BitTorrent (BTFS) vs IPFS, brothers from another mother

Tagged: decentralized & filesystem & bittorrent & ipfs

Following up from the last post about BitTorrent which mentioned IPFS (Interplanetary File System). There I framed BitTorrent as a distributed or decentralized filesystem or storage layer of the internet, and not just a pirate's den. That would make it a lot like IPFS.

BitTorrent, the protocol and apps, are well known and have been widely used for many years (since 2001). It came after many previous generations of incrementally improved file sharing applications. Originally, these were primarily for sharing music (Napster, Gnutella, Kazaa, etc.) as the technology and idea of compressed digital music (mp3) spread on the nascent consumer internet in the late 90s. BitTorrent arrived in an age when bandwidth and hard disk space could also start to support downloading movie files, orders of magnitude larger than music files. BitTorrent's innovations were that people could theoretically discover media to share outside of any particular centralized server, and then simultaneously download a file from many other people, and also upload that file to more people at the same time before even finishing the download. This was a much smarter and more efficient way to transfer a popular file to a lot of people compared to everyone hitting a central server for the same file simultaneously, creating bottlenecks and overloading servers.

IPFS has also been around for a few years but not nearly as long (2015). It can also essentially be used to get a file from one person to another, and then another, and another, increasing bandwidth and download efficiency along the way as more people are interested enough in a file to download it, thereby making that file available to their peers. IPFS also doesn't require a central server to coordinate this activity, although discovering media on the network is a separate concern and probably does happen on a normal service outside of IPFS. Both BitTorrent and IPFS suffer from the problem where a file which isn't "popular" (having many nodes sharing it) will be slow to transfer and will often simply disappear, becoming inaccessible.

Neither network is a free and unlimited online hard drive. You can't just put a file on IPFS and have it magically be available to everyone forever. Storage resources are provided by peers for altruistic but, more commonly, for selfish reasons.

Both BT and IPFS let you target and only download a subset of files (IPFS people might say otherwise but BitTorrent clients let you select a subset of files to download out of a torrent).

I mention BTFS in parentheses because it's the form of BitTorrent that is more similar to IPFS. As mentioned in the previous post, BTFS has been invented independently with the same name several times.. Since then, I've discovered that Tron's BTFS software simply cloned IPFS software on GitHub without proper attribution. Shady.

So what makes IPFS different or better than BitTorrent (including BTFS)? The main advantage proponents of IPFS will claim over BitTorrent is how it can handle duplicate files. Since IPFS is one system ("swarm") and one filesystem where each file is hashed and that becomes its "filename", if two different people add the same file, which could be in a collection of files they're adding, the hashes of files that are the same will collide. This happens even if the people are uploading other different files which don't match, only applying when there's an exact match for a particular file. In contrast, BitTorrent matches torrents and not individual files. But this is only beneficial when people are uploading large files that happen to be the same. BitTorrent networks often do see large files (like movies) that are very similar but at the byte level quite different due to different levels of compression, thus smaller and larger file sizes. And IPFS wouldn't catch these files as being similar either. If a file is changed by just 1 bit, the hash will be completely different.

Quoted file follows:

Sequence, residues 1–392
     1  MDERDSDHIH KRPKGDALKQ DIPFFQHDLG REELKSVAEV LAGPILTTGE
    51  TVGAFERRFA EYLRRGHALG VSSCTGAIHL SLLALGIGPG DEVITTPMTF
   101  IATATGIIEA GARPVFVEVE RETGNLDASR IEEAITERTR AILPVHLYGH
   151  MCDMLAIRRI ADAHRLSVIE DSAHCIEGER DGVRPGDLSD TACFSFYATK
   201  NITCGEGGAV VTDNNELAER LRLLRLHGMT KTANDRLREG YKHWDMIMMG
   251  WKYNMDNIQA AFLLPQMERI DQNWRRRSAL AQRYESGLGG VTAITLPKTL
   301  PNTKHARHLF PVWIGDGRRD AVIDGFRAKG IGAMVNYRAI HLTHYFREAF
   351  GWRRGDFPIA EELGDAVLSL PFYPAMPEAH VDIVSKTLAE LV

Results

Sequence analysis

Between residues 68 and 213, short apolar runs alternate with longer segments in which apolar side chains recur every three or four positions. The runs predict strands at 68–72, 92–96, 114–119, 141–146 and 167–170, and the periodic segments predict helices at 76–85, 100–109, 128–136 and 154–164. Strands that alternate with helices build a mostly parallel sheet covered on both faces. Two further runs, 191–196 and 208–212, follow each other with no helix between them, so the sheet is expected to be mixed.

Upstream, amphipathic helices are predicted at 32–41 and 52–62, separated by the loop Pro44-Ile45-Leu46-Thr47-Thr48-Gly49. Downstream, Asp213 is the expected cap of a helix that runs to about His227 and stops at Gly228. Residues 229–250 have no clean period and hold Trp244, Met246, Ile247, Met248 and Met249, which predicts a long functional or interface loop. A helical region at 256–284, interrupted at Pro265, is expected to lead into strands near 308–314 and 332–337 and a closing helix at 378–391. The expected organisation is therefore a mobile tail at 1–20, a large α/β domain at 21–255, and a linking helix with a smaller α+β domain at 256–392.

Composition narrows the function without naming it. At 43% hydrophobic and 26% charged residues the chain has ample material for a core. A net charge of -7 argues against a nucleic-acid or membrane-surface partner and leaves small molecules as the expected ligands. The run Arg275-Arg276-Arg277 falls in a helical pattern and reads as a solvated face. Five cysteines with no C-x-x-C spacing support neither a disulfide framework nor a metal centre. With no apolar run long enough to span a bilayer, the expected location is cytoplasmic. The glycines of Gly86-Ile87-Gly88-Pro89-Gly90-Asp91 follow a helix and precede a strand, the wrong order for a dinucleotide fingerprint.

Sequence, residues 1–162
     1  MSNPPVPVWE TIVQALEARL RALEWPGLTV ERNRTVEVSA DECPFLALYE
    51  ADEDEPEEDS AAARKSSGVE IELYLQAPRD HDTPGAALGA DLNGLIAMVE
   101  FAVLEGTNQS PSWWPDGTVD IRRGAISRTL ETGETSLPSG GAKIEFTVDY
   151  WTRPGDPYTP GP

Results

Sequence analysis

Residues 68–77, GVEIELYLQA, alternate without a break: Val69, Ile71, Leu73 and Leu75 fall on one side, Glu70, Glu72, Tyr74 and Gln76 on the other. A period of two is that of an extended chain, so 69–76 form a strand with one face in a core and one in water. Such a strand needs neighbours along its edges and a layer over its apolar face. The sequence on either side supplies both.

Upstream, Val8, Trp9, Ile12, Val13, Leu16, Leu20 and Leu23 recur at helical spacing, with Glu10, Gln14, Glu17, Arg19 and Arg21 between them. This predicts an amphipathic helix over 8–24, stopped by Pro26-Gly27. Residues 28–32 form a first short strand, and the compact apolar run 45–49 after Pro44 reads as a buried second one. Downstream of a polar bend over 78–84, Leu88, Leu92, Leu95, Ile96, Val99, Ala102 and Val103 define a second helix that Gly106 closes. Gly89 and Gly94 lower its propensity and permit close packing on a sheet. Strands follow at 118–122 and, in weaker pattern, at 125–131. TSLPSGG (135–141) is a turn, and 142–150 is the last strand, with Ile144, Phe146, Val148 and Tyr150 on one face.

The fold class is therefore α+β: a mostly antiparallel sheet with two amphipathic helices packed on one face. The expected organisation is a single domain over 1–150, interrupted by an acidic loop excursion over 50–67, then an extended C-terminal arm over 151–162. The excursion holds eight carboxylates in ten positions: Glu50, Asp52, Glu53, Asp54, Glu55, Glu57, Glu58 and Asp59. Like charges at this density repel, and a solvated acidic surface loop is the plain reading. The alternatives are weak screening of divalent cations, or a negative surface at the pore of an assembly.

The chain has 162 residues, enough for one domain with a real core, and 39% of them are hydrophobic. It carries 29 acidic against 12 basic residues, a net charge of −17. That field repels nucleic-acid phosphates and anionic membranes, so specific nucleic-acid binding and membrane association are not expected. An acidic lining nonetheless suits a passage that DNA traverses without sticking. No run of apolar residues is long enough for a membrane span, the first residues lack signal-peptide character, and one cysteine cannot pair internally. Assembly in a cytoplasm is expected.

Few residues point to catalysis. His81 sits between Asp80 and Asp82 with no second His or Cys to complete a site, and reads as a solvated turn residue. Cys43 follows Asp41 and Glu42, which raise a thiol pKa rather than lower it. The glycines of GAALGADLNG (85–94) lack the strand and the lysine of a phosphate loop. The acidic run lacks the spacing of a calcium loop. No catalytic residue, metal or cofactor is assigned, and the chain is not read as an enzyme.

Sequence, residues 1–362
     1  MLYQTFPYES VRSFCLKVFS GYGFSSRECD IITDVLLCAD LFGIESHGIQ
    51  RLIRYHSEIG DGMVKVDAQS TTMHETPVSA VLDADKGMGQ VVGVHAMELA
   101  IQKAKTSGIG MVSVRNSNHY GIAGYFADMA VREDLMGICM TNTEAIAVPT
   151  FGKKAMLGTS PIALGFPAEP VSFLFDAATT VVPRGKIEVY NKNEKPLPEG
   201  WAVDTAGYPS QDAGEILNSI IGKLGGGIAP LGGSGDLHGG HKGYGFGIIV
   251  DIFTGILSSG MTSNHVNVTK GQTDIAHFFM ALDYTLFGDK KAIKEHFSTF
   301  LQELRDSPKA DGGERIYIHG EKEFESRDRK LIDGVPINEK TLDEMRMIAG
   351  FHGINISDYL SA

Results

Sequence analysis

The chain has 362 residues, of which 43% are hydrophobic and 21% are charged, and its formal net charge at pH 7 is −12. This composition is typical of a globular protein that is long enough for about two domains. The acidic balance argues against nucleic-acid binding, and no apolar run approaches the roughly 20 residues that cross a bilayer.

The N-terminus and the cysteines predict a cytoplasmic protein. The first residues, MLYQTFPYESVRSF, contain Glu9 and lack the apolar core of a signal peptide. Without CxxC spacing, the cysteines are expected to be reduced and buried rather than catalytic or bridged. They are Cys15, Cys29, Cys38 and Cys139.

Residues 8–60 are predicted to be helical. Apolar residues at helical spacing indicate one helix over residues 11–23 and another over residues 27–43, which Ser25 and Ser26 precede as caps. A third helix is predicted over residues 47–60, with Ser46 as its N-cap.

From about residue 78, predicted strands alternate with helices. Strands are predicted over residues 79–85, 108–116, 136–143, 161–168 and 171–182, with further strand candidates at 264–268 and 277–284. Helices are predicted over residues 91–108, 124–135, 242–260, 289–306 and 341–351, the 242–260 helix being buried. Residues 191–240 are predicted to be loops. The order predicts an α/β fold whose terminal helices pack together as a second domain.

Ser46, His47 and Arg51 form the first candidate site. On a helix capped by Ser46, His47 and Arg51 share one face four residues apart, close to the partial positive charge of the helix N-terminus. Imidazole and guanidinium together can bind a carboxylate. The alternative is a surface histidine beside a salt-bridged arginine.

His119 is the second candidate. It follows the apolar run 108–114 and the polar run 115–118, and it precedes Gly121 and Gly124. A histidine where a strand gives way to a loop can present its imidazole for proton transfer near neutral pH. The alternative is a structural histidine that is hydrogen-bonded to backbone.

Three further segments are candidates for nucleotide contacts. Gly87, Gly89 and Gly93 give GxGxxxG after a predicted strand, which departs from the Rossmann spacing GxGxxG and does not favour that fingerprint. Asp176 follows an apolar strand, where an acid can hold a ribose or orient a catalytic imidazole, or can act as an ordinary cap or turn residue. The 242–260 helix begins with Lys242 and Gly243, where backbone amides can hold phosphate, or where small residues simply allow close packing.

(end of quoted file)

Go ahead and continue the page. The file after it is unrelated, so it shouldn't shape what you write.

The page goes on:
BitTorrent nodes or peers need to find each other only when they have a torrent in common, whereas in IPFS everything is in the same global namespace, so to speak. So BitTorrent is more amenable to having a secret cabal of nodes who are aware of certain private torrents invisible to the wider network, whereas on IPFS everything is equal and public.

Quick note on "filesystems". IPFS and BTFS aren't filesystems in the way NTFS (Windows) or btrfs (Linux) or HFS+ (macOS) are.

BitTorrent is much older than IPFS, so it's had more time to disseminate to users, and it is indeed very popular, taking up a significant chunk of all internet bandwidth. But BitTorrent grew quickly after release. IPFS just hasn't been able to get used by normal internet users the way BitTorrent has. The time since launch is not the main factor in BT's popularity over IPFS. BT is immediately useful to end users in its current state. IPFS is not user friendly and it's not apparent to normal users why they would use it. It's attracting attention from other internet infrastructure developers instead.

Both BitTorrent and IPFS could be fast, but it depends on who is sharing a file.

As it stands, BTFS isn't how BitTorrent is primarily used. For the file hosting paradigm (vs file sharing), IPFS has standardized workflows with products built on that. IPFS is commonly used by Ethereum dapps to provide storage, which is what Tron hopes to build with their BTFS for Tron dapps.

In conclusion, BitTorrent and IPFS are technically similar with IPFS being slightly better for an edge case of uncoordinated sharing of subsets of similar files. While BitTorrent has the lead when it comes to normal users, IPFS is doing best at attracting developers needing decentralized online storage.